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Moses Kareithi Muriungi, a Kenya Railways employee testifies at a Milimani Law Court. [David Njaaga, Standard]

Muriungi told the court that he had lost his ID in January 2016.

A man whose Identity Card number was used to register a mobile phone line used by a suspect in the killing of lawyer Willie Kimani and his two associates has dismissed suggestions he could be the missing killer gang member.

Moses Muriungi, a Kenya Railways employee, refuted claim he could be the sergeant Kamenju — a police officer placed in the murder scene in a confession by police informer Peter Ngugi.

Defence lawyer Cliff Ombeta had asked Mr Muriungi whether he was the 'ghost' officer, as the said Kamenju has never been found since 2016 when Kimani, his client Josephat Mwenda and taxi driver Joseph Muiruri, were killed.

Although adversely mentioned by Ngugi, the said Kamenju is not among the accused on trial for the June 23, 2016, murders.

Yesterday, Muriungi was put to task on his whereabouts on June 22, 2019, when his ID card number was used to register the Airtel line used by Ngugi who was tasked to trail Mwenda from Mavoko law court the following day when the court has heard they were strangled at a thicket in Mlolongo.

The witness told the court that at that time, he was working with Clovers Management consultants, a firm which had a contract with Barclays Bank.   

Muriungi told the court that he had lost his ID in January 2016.

The SIM card registered under his ID was used by Ngugi to communicate with AP officer Fredrick Leliman on the day the trio were killed.

On June 22, 2016, a day before the death plot was executed, Ngugi met with Leliman at Connection’s Bar in Mlolongo and gave him a mobile phone which he would use to communicate. It had an Airtel line.

Investigators led by Clement Mwangi went after the ID which was used to register the line. This was done two months ago, July 12, 2019 and the ID was found to belong to Muriungi.

Yesterday, Muriungi explained he only learnt of his ID's connection to the murders when a detective summoned him for questioning. 

“On July 11, 2019, while working at Kenya Railways Nairobi Terminus, I received a call from a man who identified himself as Clement Mwangi, a police officer. He told me he was investigating a crime and through his investigations, he discovered that a mobile number which had been registered using my ID, had been used to commit a crime," testified Muriungi.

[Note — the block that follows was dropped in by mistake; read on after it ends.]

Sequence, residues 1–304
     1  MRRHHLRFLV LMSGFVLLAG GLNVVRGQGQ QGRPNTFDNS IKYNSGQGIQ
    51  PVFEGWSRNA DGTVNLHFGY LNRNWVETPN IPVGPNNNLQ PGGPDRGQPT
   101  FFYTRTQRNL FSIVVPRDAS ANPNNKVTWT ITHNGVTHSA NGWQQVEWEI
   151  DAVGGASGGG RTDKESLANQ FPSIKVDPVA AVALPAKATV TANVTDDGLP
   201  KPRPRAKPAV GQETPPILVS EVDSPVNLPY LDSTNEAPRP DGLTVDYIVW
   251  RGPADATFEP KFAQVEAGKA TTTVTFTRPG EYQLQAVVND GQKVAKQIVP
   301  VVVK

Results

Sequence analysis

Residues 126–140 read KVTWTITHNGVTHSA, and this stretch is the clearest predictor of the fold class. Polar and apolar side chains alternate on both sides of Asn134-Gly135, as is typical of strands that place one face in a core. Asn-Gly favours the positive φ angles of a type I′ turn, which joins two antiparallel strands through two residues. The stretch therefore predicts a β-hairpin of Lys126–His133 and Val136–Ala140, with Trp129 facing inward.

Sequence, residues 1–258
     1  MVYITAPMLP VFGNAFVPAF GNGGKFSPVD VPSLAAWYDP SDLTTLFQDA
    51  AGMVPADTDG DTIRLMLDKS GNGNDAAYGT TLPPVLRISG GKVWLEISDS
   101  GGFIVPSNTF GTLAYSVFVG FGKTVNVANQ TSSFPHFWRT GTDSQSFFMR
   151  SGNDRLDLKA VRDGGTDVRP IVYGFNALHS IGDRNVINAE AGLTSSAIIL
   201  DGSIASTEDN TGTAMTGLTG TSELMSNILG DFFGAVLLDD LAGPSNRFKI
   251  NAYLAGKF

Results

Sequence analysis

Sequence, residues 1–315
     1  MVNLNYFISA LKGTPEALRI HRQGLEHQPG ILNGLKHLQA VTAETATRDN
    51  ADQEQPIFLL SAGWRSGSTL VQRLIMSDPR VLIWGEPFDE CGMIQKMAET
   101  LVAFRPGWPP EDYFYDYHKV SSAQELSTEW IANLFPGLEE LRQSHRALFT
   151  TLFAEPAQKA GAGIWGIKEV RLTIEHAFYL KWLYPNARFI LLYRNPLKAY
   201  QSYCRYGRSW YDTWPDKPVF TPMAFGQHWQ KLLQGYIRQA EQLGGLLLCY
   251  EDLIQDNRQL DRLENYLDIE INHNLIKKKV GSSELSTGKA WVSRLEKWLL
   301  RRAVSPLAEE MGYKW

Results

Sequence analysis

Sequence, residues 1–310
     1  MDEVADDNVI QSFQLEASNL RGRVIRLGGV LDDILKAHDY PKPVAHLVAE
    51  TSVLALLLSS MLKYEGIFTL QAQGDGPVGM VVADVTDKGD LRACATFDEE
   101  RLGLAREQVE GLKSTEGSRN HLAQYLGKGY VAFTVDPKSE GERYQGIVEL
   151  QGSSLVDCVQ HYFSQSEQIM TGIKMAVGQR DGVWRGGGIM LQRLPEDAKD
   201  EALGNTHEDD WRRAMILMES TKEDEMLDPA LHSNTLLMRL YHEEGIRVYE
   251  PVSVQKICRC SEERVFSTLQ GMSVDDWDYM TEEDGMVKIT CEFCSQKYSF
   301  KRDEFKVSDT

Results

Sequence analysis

Muriungi was called as an extra witness in the trial and he told the court that sometime in January 2016, he lost his ID which he reported to the police at Mlolongo.

The officer manning the station, he said, advised him to get an abstract and an ID from Huduma Centre.

City Square

Justice Jessie Lesiit heard that Muriungi proceeded to City Square post office and applied for a new ID.

The new ID lasted for two years, until September 2018, when he was allegedly mugged. He again went to City Square and applied for another ID which he has been using to date.

Muriungi testified that he never registered the Airtel line and did not give his ID to anyone else. He said that he never recovered his two lost IDs. 

Ngugi had told investigators that Kamenju is a tall, massively built man with a slightly dark complexion.

In his confession filed in court on Monday, Kamenju is likely a Meru from his accent. According to Ngugi, Kamenju had a Toyota NZE bearing registration KBU.

Yesterday, Kareithi told court that the name Kamenju is a Meru name given to males.

The court heard that Kamenju came into the picture first at Syokimau Police Post. He had been called by Leliman at around 7pm through his mobile phone, requiring that they meet at Syokimau Police Station.

Ngugi in his confession narrated that Kamenju also returned a call to Leliman informing him that he was already at the station.

Another lead to Kamenju was a mobile phone he carried at the murder scene. According to Ngugi, another police officer who was in company of several civilians came to inquire what the killer team was doing in the bushes.

Kamenju, the court heard, had a phone and he told the officer that they were his colleagues who were on duty.

Ngugi also recalled that Kamenju at the time was wearing an Administration Police trousers uniform which had side pockets.

The last link to the mystery officer was his idea to dump the bodies at Ol Donyo Sabuk. He had explained to the team that he knew the area as he had previously been posted there.

“Kamenju who claimed to have in the past worked in Ol Donyo Sabuk AP Camp, was to lead the way apparently because he knew the area better and, therefore, conversant and equally better to assist in the disposal of bodies,” Ngugi’s statement read. 

Meanwhile, Ngugi will today battle the prosecution on production of a video where he explained what happened.

Police officer Joseph Muindi told the court that Ngugi took them to the six scenes of crime, explaining in each of them what happened.

Ngugi’s lawyer Kevin Michuki told the judge that the videos would be against his right not to incriminate himself.

Ngugi and Leliman were charged alongside police officers Stephen Cheburet, Sylvia Wanjiku and Leonard Mwangi.

Milimani Law Court Willie Kimani Defence lawyer Cliff Ombeta

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